|*Note that all submissions should go to the Session Organizer AND firstname.lastname@example.org
|Email 2: CC to this address
|Those who would like to present a POSTER at NASSS should submit their abstract to this session
|Toni Bruce, University of Auckland
|Challenging the Gender Binary in Sport
|A variety of sport scholars have documented the way in which various sporting institutions and activities play a structural role in securing and normalizing the two sex, or binary gender system. This session highlights critical sport scholarship that challenges this binary
|Ann Travers, Simon Fraser University
|Teaching the Sociology of Sport
|This session seeks papers that discuss issues related to teaching the Sociology of Sport. If there is sufficient interest, 2 sessons may be offered including topics such as effective classroom techniques and/or teaching/reading the classic books and articles
|Michael Malec, Boston College
|Gender, Race and Sport: Intersections:
|Critical feminist and critical race theorizing and research relating to gender, race and sport has come to define what Birrell and McDonald (1999) describe as a method of “reading sport critically.” This session provides a space for queer, feminist, post-colonial, critical race scholarship to be discussed in an integrative manner.
|Ann Travers, Simon Fraser University and Robert Pitter, Acadia University
|Diaspora and Transnationality in Sport Spaces
|This session welcomes papers that approach the study of sport from a diaspora/transnationality perspective. That is, we will attempt to answer questions such as the following: How are sporting communities (re-)generated across borders, in two nations at once, or by migrants, exiles, refugees or nomads? What are the experiences of professional and recreational sport migrants/tourists? How do sport associations maintain economic, social, or political ties to a ‘homeland’? What is the significance of the ethnic, national, racial or spatial ways sport communities define themselves? How can a diaspora or transnationality approach augment our understanding of sporting experiences? Traditional and creative presentation styles will be accepted.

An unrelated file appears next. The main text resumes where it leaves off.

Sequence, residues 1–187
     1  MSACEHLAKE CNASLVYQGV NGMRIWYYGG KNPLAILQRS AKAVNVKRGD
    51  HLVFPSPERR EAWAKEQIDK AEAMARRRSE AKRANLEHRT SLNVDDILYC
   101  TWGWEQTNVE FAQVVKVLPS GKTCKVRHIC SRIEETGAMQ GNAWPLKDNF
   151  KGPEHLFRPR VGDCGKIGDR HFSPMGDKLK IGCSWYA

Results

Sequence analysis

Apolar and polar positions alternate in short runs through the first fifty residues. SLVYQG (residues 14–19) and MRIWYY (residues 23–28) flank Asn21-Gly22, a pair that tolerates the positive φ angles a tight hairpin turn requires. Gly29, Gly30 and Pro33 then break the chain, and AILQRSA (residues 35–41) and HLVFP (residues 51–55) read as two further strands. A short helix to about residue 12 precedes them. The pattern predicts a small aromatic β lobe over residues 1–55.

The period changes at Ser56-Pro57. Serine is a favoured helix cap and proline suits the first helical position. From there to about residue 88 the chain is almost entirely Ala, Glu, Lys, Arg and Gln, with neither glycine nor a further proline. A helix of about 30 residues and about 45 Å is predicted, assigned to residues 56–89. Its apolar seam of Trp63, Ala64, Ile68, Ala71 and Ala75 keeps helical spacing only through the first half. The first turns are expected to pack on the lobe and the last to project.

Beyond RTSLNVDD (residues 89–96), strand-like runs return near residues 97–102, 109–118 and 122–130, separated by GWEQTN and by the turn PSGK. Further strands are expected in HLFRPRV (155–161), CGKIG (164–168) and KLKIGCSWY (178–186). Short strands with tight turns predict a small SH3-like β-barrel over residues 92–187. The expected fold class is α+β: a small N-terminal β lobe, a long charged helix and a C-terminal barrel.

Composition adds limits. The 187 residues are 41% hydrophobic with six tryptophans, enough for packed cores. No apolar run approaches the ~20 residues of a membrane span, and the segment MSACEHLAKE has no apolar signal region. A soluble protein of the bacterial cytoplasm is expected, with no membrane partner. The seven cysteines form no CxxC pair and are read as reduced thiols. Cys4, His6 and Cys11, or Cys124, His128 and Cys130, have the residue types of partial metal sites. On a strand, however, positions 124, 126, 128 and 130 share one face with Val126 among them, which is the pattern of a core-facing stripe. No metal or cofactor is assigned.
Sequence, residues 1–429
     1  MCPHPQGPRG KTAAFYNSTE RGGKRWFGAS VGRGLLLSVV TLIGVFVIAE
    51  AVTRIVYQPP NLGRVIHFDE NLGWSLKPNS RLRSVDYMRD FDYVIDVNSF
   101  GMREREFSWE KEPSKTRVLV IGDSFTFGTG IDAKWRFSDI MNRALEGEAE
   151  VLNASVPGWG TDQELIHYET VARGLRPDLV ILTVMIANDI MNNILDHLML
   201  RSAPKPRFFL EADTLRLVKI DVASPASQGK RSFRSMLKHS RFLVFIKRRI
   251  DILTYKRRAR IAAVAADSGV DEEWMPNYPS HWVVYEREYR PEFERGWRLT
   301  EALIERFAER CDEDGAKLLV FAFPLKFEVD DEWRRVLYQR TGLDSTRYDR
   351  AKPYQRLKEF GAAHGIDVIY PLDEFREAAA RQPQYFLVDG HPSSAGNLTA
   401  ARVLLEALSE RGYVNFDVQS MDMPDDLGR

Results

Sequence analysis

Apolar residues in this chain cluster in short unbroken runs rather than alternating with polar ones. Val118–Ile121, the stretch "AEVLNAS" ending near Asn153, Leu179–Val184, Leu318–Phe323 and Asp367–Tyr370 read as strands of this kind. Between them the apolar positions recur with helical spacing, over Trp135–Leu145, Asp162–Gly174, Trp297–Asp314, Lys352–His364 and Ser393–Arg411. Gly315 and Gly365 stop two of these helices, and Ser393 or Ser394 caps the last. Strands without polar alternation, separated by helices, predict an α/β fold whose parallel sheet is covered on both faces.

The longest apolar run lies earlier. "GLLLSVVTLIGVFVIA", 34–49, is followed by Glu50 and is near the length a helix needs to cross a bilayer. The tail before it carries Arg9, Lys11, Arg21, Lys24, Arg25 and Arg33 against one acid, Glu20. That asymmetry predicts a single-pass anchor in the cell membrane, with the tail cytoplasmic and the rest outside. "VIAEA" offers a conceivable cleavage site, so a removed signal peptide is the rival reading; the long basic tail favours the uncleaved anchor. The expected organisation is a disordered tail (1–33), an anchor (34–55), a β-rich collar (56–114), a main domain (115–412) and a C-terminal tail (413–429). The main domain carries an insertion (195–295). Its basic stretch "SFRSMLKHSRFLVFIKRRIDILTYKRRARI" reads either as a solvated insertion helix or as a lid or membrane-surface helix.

|Janelle Joseph, University of Ontario Institute of Technology
|Sport in the lab
|There is a strong NASSS tradition of critiquing and challenging the modern socio-economic climate in which inherent epistemological hierarchies privilege positivistic, evidenced-based research programmes. Indeed many scholars, implicitly or explicitly, critically interrogate the role of positivistic sports science/kinesiology research programmes in perpetuating, or perhaps more accurately championing, problematic sporting structures. This session seeks to advance these discussions through directly addressing the place of this bodily knowledge production: the lab. As such, papers from scholars who are exploring and developing empirical and theoretical understandings of the practices, values, corporeal products, and sociological implications of knowledge-generation practices in the lab are specifically sought. However, papers addressing connected issues as, for example, the relationship between physical practices and lab-produced knowledge, the role of lab-based knowledge and dominant neo-positivist epistemologies in the medicalisation and scientisation of bodies and physical education curriculums, bioethical problems associated with performance-enhancement research, methodological considerations for studying labs, as well as political and phenomenological implications of kinesiology’s ever-increasing restructuring of sport, exercise, and health are welcomed.